For improved working conditions, the assumption is a 7% productivity improvement for the 50% of areas that are upgraded to be more sustainable, which would lead to $252M (120,000 employees x 50% of space improved x 7% improvement x $60,000 average salary)(p.58-59).

Environmental Benefits

4) Reduced expenses for manufacturing

Of all the categories, the manufacturing expenses are normally the only cost savings captured or estimated from sustainability improvements. Even so, not all the costs are fully captured. In fact, most manufacturing processes are extremely wasteful, when looking at how much material actually gets into the final product. This waste is often unknown, or deemed acceptable, and not seen as an opportunity for improvement.

A study by the U.S. National Academy of Engineering found that about 93% of the material we buy and ‘consume’ never end up in saleable products at all. Moreover, 80% of the products are discarded after a single use, and many of the rest are not as durable as they should be.

Willard calls this waste “squandered corporate assets”

He lists four ways to save costs and help the environment

1) Material substitution – Sustitute less expensive and more environmentally friendly raw materials and energy sources
2) Reduce the amount of material used per product
3) Reduce, reuse and recycle scrap material and wasted energy
4) Reuse and recycle components and materials from returned products

There are also additional savings associated with a reduction in hazardous material, such as handling costs, fewer protective equipment, reduced waste treatment, and reduced compliance monitoring.

Willard provides a good example of how misaligned goals can lead to unsustainable practices. If price is the only factor for awarding work to electrical contractors, then a contractor might choose the minimum wire size to install to make the bid lower. However, the thinner wire will require more energy to pass through the wire, thus increasing the long term energy costs. The goal should be for the contractor to save money over the long term, not save money in the short term (p.70).

Manufacturing facility expenses

Another example of waste is the use of water. One company found that it paid for water four different times (received from the utility, treatment for production, treatment after production, and sewage disposal fees). Wastewater recycling led to savings of $138K, and there were additional side benefits from energy reduction and fewer air emissions. A much larger business case than originally estimated. Being able to identify all costs upfront can increase the number of eligible projects that have a strong payback.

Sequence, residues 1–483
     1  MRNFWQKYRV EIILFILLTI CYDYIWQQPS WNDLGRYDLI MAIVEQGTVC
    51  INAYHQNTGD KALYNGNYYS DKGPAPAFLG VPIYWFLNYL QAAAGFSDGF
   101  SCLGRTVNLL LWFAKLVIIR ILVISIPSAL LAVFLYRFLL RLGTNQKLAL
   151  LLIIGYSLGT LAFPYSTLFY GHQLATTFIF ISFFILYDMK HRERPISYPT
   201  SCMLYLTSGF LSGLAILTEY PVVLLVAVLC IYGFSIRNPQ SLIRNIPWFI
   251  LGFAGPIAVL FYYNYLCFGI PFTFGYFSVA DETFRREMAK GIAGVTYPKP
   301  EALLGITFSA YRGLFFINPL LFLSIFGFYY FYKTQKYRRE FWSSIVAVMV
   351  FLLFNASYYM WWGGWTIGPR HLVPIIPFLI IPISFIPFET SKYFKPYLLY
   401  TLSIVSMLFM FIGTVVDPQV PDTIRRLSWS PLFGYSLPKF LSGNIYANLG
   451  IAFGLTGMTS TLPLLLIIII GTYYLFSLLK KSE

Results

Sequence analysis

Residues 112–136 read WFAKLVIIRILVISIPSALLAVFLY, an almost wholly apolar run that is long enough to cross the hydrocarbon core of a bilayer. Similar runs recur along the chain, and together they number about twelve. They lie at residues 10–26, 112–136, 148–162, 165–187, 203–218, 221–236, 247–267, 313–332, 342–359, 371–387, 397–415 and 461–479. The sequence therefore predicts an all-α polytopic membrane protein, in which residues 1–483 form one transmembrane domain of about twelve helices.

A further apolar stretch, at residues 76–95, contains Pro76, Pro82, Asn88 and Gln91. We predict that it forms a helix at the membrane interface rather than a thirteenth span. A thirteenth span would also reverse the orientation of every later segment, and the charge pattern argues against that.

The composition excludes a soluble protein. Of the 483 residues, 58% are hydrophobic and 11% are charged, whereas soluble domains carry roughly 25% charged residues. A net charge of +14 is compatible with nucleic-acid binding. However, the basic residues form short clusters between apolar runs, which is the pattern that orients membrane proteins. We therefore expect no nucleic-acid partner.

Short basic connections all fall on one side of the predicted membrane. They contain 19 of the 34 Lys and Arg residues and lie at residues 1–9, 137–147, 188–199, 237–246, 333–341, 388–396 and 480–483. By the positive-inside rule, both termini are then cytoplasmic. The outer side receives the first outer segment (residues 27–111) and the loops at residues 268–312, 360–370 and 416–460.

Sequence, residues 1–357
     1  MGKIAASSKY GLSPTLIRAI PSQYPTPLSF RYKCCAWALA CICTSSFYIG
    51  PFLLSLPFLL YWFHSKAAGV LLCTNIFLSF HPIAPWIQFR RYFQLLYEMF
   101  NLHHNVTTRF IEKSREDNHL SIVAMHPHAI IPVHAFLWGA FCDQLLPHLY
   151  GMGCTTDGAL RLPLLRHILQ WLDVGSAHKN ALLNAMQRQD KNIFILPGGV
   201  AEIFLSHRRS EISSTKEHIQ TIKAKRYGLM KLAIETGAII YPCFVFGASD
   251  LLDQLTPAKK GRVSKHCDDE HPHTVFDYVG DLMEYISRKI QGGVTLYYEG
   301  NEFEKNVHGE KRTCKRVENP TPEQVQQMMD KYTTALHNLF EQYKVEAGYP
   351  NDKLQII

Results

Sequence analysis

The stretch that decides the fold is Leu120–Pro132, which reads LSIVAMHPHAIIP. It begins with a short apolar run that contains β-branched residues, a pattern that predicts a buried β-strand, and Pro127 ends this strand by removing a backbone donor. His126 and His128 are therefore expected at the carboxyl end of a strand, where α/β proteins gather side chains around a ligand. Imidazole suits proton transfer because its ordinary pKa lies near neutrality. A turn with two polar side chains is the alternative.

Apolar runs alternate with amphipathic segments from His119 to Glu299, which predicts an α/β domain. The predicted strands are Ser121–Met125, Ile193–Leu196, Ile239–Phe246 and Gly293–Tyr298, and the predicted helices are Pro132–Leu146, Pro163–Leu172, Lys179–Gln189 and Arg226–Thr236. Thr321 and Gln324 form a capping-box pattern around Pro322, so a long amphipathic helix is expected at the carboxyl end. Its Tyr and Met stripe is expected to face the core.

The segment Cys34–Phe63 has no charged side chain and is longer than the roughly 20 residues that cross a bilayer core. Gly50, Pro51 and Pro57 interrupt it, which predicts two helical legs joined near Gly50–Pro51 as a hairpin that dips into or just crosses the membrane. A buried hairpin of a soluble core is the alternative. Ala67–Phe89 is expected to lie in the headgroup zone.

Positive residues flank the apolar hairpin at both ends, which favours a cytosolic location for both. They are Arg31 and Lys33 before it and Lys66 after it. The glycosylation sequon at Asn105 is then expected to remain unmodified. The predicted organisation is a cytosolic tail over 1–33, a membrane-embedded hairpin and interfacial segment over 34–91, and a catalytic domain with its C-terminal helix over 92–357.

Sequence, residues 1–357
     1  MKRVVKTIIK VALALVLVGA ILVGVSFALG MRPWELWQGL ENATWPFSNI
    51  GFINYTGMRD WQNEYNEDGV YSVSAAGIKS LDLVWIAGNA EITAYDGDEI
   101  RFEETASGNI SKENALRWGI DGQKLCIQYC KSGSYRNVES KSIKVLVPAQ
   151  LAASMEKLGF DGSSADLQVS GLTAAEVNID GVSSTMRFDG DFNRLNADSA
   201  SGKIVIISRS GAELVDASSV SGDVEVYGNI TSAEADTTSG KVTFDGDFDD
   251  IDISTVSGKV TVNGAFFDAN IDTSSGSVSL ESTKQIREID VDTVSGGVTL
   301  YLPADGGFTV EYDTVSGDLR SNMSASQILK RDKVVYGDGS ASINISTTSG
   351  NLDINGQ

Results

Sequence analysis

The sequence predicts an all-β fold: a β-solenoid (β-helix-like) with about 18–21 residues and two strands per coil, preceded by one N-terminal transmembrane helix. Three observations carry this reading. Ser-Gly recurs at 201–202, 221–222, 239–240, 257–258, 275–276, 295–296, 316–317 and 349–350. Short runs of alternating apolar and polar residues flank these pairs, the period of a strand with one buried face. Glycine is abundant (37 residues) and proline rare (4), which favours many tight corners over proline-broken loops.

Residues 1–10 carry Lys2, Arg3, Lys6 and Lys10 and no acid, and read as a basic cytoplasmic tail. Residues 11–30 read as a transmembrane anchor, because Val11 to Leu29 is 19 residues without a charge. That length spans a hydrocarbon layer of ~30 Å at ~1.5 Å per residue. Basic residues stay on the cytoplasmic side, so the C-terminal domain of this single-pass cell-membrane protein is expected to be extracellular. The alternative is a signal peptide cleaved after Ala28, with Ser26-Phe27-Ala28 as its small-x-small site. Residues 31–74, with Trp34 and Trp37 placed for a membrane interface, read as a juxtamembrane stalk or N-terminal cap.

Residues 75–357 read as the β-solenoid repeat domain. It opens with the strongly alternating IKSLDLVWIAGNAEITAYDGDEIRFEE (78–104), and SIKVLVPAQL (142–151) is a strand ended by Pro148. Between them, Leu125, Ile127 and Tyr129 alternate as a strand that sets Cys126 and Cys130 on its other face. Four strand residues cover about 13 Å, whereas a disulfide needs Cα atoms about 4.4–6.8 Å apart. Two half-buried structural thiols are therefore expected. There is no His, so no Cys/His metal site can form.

He feels that it will be common place for companies to pursue initiatives such as zero waste, zero emissions and zero incidents. Take-back programs will also be the norm, which will not only reduce consumer waste, but allow companies to interact with their customers, learn how their products are used, and ultimately make changes to their designs. These improvements will make impact design for disassembly, and reduce the number of non-recyclable/compostable items at the end of the product life, since companies will now be responsible for them forever.

To estimate the financials of manufacturing expenses, he uses a macro level approach, since individual projects will vary quite a bit. He uses 5% reduction in hardware costs, and assumes 50% of the savings will be reinvested, for a total of $165M ($22B in hardware revenue x 30% actual hardware costs x 5% savings x 50% reinvestment)

5) Reduced expenses at commercial sites

If you work at a non-manufacturing facility (office), you won’t have much savings from the manufacturing expenses. However, all companies have commercial site (office) savings opportunity. These savings come from reduced employee discretionary consumables (supplies), reduced waste handling, energy efficient upgrades (Energy Star), green construction designs, reduced water conservation, lower landscaping costs, reduced office space and reduced travel (examples of all provided in pages 84-98).

Success stories at 3M, Dow Chemical, AT&T, Xerox and Oticon are provided. These show the power of employees identifying ways to save money on the little decisions they make every day, leading to millions of dollars in reduced consumables.

One of the key issues with building retrofits is not the lack of technology available, but rather the “nearsighted insistence on unreasonable payback periods for retrofits, and a lack of awareness of the total benefits that can be achieved.”

commercial office building work